You don’t want to commit yourself fully to one thing without exploring broadly. But once you’ve done that, then invest the time, energy, and resources. Along with that, I would suggest you invest in conferences, events, and groups that are dedicated to your specific hobby.
For example, I will be in Salt Lake City this week participating in a Total Archery Challenge. I’m diving deeper into it because I enjoy it. I would never have done that two, three, or four months ago but now it makes sense because I realized how much I enjoy it. I realized how much better it makes me and more effective and energized when I come back into the rest of my life.
Gentlemen, I want you to go out. I want you to find a hobby. I see too many guys who are up to their eyeballs in responsibilities and obligations. They’ve just stacked so much stuff onto their plates that they’re just not enjoying life. A friend of mine asked, “If you knew that this sunrise was the last sunrise you’d ever see, how would you live your life today?” As I thought about the answer to that question it was a bit dismal because I’m doing a lot of things in my life that I don’t necessarily enjoy.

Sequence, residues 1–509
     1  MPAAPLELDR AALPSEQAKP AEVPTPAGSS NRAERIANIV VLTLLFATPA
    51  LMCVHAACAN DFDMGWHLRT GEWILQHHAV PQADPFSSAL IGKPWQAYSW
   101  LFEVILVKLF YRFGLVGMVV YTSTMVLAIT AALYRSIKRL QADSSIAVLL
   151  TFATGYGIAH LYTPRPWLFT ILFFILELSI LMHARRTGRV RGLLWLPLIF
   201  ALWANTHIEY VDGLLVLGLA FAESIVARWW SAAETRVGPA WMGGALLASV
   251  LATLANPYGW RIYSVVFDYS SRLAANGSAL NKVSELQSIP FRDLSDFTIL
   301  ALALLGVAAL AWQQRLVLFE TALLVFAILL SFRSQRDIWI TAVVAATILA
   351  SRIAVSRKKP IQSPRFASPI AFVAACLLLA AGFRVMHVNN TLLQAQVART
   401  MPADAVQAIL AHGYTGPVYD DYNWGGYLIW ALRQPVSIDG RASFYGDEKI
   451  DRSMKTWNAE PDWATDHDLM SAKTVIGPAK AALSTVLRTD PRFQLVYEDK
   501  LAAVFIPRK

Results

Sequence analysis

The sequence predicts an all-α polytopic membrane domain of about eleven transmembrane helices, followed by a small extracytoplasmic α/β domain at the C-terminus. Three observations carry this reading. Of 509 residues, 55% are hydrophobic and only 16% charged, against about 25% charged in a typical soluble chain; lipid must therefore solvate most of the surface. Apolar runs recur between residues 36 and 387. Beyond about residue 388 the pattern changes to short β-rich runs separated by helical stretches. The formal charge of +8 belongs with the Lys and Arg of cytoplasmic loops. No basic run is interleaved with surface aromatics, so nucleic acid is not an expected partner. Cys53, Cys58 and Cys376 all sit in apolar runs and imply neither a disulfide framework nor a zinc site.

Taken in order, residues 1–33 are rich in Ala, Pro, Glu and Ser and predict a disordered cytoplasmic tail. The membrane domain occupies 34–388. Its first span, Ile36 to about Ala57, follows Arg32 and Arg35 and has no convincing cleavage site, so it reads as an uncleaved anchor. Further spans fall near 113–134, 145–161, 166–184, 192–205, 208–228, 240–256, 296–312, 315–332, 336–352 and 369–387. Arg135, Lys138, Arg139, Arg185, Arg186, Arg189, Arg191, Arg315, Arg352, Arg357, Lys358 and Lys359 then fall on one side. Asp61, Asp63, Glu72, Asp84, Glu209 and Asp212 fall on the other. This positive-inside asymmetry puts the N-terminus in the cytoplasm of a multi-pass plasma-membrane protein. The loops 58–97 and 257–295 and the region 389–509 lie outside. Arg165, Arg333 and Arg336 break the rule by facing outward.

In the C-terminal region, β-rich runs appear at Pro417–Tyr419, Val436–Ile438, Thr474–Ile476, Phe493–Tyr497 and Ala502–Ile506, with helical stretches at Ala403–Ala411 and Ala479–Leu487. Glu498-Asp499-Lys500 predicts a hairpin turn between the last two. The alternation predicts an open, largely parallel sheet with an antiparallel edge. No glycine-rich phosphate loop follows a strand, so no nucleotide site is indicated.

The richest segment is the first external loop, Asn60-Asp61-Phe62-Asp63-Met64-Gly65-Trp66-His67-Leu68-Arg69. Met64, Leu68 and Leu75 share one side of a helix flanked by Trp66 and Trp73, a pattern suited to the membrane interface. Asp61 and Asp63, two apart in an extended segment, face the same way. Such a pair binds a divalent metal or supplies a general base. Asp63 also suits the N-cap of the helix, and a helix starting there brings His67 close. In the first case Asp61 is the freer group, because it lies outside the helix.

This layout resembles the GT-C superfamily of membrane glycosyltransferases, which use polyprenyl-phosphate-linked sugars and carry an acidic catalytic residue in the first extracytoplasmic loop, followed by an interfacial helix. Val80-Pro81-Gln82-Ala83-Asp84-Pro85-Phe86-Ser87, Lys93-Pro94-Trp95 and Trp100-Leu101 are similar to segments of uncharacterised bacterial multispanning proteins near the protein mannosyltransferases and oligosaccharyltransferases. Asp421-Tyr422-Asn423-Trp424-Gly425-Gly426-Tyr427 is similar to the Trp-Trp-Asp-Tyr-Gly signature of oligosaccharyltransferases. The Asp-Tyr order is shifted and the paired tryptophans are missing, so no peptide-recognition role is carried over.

How much time are you carving out for yourself? How much are you enjoying life? How much do you smile? How much do you laugh? How much fun do you have with other friends? How much do you just let go of some of those burdens, responsibilities, and obligations from time to time?
I know that last questions is strange coming from me considering we’ve been talking about responsibilities for 3 1/2 years but I want you to be a better man. I want to be a better man myself. In order to do that, we have to unplug from our obligations and responsibilities periodically and systematically so that we can engage in the things that energize, rejuvenate, and uplift us.